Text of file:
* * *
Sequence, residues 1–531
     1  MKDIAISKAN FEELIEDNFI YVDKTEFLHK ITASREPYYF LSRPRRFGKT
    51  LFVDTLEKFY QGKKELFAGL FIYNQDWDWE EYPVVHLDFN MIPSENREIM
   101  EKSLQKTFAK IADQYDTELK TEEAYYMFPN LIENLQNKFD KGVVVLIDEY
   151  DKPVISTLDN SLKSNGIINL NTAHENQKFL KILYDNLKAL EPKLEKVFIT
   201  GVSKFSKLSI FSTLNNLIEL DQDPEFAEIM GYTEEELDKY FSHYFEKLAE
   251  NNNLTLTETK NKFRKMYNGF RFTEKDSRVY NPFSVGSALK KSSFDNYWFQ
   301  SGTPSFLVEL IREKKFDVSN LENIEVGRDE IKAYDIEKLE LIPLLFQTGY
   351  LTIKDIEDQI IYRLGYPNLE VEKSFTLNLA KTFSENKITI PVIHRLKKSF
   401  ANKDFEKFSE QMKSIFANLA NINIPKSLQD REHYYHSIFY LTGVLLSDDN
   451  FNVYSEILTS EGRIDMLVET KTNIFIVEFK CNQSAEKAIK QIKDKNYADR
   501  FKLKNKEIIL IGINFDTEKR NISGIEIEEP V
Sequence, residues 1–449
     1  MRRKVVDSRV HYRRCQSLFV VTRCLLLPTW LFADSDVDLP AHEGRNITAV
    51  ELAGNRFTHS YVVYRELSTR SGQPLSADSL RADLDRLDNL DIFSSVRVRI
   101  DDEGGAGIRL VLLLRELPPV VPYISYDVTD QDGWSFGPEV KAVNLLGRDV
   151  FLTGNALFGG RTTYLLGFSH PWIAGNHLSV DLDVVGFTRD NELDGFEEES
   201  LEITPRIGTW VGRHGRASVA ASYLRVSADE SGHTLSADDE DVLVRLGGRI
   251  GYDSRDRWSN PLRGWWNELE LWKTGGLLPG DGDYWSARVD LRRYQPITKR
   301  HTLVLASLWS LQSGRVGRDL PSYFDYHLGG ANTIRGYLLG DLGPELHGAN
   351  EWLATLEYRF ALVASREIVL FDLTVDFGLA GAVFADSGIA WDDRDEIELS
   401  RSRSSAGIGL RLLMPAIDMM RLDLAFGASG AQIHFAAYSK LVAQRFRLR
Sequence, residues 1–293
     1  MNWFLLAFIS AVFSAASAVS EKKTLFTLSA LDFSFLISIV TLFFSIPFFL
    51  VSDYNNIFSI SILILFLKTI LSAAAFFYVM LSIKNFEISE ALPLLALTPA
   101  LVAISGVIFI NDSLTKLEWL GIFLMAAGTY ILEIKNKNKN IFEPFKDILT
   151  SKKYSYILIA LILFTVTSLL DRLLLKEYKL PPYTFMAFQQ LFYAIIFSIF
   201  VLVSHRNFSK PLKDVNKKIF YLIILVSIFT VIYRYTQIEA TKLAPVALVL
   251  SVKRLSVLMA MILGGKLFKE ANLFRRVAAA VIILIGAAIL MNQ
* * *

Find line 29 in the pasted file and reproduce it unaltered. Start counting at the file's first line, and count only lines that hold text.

   251  SVKRLSVLMA MILGGKLFKE ANLFRRVAAA VIILIGAAIL MNQ